Hawai‘i County Council gives nod to measures that will further Big Island broadband connectivity initiatives

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The Hawai‘i County Council wants all Big Island residents to have equitable access to high-speed internet connectivity and recently moved ahead with four measures aimed at getting the county closer to that goal.

The Hawai‘i County Council recently gave a favorable nod to four measures that will further the County’s goal of equitable access to broadband internet service for everyone on the Big Island. (File image)

Two of the measures, Resolutions 255 and 256, would allow the county to receive a total of $275,000 in grant funds for broadband connectivity initiatives. The other two, Bills 67 and 68, appropriate those funds into the proper County accounts.

The Hawai‘i County Research and Development Department would use $100,000 of federal funds granted through the University of Hawai‘i to assist with developing and implementing a plan to achieve equitable internet access for everyone around the island.

The other $175,000 in federal funding granted through the Hawai‘i Department of Business, Economic Development and Tourism would go toward providing services and financial aid for internet subscription costs for qualified households on the island.

The priority is helping the unserved, underserved and community anchor institutions, which are places such as schools, libraries, public safety entities and others that provide outreach, access, equipment and support services for the greater use of broadband internet by vulnerable populations including those who are low income or unemployed and kūpuna.


“The objective is that everyone gets it,” Research and Development Energy Specialist Riley Saito told Council members. “There’s no one left behind.”

Data recently collected by the county shows there are still at least 13,000 households on the Big Island without accessibility to broadband service and many others are underserved.

The $100,000 from the University of Hawai‘i will be used for outreach and engagement plans on the Big Island to identify and better understand the technology needs of the community as part of a 5-year $149 million Broadband Equity, Access and Deployment Program. The program is funded by the National Telecommunications and Information Administration.

The $175,000 being funneled to the county from the state will help expand the Federal Communications Commission Affordable Connectivity Program, which offers subsidies so households can afford the broadband access they need for work, school, health care and more.


The program offers a $30 discount per month toward internet access for households with incomes at or below 200% of the federal poverty line or that have a member who meets certain criteria. Those residents in Hawaiian homelands who qualify can get $70 a month.

The grant will pay for additional community outreach on the Big Island to get households signed up. Saito said the goal is to get 7,000 households signed up as soon as possible.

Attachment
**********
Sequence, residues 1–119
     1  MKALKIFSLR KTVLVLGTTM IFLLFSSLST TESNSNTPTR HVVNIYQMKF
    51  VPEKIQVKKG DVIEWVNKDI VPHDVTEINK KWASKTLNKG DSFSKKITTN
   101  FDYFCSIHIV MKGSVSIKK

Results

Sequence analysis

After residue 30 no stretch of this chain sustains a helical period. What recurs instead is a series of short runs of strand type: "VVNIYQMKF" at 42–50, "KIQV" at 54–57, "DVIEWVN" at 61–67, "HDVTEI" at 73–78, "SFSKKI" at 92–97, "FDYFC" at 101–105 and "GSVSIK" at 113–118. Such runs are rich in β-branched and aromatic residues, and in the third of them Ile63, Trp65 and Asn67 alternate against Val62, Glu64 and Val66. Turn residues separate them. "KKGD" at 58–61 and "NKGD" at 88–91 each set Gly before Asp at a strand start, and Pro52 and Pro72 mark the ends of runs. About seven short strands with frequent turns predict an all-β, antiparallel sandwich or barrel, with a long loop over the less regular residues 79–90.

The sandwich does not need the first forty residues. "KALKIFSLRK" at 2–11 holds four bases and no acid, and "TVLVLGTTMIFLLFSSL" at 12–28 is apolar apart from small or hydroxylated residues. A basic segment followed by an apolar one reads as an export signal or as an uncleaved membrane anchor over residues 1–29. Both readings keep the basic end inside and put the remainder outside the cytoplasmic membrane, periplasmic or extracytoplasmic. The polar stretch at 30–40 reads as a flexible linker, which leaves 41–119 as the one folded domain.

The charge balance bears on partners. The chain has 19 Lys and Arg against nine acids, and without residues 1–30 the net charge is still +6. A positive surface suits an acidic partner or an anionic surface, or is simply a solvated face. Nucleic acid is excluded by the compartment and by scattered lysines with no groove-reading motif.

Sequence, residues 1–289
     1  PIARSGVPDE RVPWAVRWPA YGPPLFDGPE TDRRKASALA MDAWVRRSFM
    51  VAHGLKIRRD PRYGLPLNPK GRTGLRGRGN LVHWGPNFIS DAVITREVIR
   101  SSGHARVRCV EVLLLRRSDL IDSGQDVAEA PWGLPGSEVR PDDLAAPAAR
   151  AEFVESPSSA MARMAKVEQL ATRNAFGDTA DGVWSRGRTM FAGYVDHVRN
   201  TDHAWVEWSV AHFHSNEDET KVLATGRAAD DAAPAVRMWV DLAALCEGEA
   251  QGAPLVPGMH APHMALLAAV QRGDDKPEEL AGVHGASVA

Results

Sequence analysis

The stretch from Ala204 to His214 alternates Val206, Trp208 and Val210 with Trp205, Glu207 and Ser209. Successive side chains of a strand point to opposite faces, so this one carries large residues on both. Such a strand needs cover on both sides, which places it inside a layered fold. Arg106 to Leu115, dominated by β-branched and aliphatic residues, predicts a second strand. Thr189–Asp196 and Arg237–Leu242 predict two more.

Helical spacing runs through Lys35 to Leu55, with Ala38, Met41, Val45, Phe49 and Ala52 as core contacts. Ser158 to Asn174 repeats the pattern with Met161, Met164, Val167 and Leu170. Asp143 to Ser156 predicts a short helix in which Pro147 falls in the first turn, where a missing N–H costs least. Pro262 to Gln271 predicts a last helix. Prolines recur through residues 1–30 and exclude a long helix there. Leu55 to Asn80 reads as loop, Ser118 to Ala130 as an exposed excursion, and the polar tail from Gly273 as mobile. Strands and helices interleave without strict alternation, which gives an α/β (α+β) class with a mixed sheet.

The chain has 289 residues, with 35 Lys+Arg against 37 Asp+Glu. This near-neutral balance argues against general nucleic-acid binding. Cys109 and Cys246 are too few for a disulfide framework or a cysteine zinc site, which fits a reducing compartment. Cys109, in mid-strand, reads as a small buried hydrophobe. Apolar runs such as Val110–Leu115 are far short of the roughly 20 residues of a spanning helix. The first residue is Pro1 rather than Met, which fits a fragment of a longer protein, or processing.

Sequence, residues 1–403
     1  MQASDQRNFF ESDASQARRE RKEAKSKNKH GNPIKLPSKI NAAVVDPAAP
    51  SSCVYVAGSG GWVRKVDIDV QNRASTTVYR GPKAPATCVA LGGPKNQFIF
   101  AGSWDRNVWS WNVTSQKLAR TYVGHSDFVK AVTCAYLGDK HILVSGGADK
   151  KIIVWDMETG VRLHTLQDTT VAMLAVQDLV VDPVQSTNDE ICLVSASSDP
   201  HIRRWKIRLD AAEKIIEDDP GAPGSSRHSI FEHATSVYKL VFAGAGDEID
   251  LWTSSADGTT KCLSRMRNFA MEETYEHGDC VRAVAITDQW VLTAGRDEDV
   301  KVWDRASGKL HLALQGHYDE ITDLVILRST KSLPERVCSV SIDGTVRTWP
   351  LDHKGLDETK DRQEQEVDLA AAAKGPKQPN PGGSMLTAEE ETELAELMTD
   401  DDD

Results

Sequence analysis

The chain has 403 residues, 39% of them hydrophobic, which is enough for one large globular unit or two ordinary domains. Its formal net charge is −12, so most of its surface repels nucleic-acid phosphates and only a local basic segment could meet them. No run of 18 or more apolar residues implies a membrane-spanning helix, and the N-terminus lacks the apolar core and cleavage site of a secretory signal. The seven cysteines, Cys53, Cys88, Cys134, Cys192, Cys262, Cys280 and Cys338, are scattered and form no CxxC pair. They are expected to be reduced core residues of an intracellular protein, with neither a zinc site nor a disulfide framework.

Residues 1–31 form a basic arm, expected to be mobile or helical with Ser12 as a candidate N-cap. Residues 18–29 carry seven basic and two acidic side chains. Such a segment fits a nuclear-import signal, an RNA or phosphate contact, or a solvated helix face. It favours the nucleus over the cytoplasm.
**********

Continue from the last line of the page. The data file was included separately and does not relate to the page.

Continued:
Research and Development is working on a request for proposals now for interested individuals and organizations who want to take on the task.

Saito said it’s not all about accessibility; affordability is a big part of the equation. They’re hand-in-hand when it comes to gaining truly equitable broadband access for all.


All four measures were introduced by Councilman Matt Kaneali‘i-Kleinfelder, who chairs the Council’s Finance Committee. They each received favorable recommendations during the committee’s most recent meeting on Sept. 19.

The Council will consider final approval of the resolutions and first readings of the bills during its next regular session Oct. 4.

The county in 2021 earmarked about $6 million for broadband internet buildout around the island. The broadband initiative was created in response to the COVID-19 pandemic and the need for greater internet connectivity for the county and Big Island community at large to communicate and access resources.

The work is centered on closing the digital divide. This year, the county will be collecting data for its broadband action plan, adding capacity and hosting additional community meetings so everyone’s voices are heard.

“We really need to know what people have and what people don’t have, and [we’re] doing a lot more resource development for that,” Research and Development Digital Equity Specialist Shola Kahiapo-Trevino told the Council.

For more information about broadband initiatives, click here.

Nathan Christophel
Nathan Christophel is a full-time reporter with Pacific Media Group. He has more than 25 years of experience in journalism as a reporter, copy editor and page designer. He previously worked at the Hawaii Tribune-Herald in Hilo. Nathan can be reached at [email protected]
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